[dns-operations] CERT VU#800113 Multiple DNS implementations vulnerable to cache poisoning

Mark Andrews Mark_Andrews at isc.org
Fri Jul 11 22:42:42 UTC 2008

> For Bind and djbdns (tinydns/axfrdns) no change is needed. DNS over tcp is
> enabled by default, but the fools programming the firewall dont read
> the RFCs who say port 53 udp and tcp.

	Yes there are changes required.

	First you need to stop the servers making UDP request by

	Next will need to treat your nameserver like a http server
	that is answering 1000's of http requests per second.  The
	later is the expensive part as it may involve new hardware.
> I have seen when testing dnssec Findland first dropped their IPv6
> records because the packets got to big for udp and many clients
> switched to tcp because edns did not work for them. Next they dropped
> dnssec too.

	I've long ago stop worring about clients and EDNS.  Clients
	either fix their EDNS problems or they don't get answers
	from the root server.  The root servers have EDNS enabled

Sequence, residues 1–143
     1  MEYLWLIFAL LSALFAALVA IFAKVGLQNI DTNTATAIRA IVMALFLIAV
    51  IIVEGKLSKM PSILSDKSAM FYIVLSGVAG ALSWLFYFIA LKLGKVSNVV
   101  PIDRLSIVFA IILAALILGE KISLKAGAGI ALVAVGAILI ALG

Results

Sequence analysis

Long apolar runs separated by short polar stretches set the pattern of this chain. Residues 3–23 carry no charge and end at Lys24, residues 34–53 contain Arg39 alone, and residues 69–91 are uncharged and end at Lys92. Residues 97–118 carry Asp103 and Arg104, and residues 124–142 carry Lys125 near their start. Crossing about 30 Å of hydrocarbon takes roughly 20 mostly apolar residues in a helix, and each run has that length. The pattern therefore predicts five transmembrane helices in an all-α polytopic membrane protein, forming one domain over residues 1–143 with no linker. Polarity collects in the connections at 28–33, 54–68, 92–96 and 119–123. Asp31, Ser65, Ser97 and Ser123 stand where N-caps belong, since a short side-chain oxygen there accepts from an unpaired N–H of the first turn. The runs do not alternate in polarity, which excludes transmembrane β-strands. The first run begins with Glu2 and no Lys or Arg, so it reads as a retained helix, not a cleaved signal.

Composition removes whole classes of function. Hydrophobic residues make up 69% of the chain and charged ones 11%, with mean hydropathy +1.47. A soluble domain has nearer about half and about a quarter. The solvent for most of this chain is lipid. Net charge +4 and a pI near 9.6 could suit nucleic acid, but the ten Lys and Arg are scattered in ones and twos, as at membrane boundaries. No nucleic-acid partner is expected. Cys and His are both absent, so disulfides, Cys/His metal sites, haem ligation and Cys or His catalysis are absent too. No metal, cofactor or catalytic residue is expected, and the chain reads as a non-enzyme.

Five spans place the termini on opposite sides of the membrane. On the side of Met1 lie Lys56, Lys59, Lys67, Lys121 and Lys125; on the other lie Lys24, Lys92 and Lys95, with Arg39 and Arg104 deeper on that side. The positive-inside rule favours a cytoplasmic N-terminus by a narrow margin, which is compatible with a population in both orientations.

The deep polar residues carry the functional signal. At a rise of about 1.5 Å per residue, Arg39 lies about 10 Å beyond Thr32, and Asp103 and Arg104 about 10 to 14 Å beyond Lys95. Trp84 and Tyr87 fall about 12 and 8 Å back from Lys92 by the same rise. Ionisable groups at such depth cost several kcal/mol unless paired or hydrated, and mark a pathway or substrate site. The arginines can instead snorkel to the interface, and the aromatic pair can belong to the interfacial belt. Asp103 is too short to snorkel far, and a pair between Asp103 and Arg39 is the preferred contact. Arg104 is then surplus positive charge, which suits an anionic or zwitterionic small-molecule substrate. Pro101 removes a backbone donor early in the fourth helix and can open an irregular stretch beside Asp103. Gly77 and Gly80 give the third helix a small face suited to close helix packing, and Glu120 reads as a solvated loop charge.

and there are referrals that exceed 512 bytes today.

	The next big crunch comes with fragemented packets and there
	are enough large responses these days that anyone advertising
	a EDNS UDP size greater than a ethernet packet will be
	seeing the odd fragmented DNS/UDP response.  Signed answers
	aproach and, at times, cross this threshold.

	The solution to this is to fix the firewall that thinks it
	is sensible to drop fragmented packets.  The work around
	is to advertise a appropriate ENDS UDP size so that truncation
	does not occur.

		edns-udp-size 1460;
Mark Andrews, ISC
1 Seymour St., Dundas Valley, NSW 2117, Australia
PHONE: +61 2 9871 4742                 INTERNET: Mark_Andrews at isc.org

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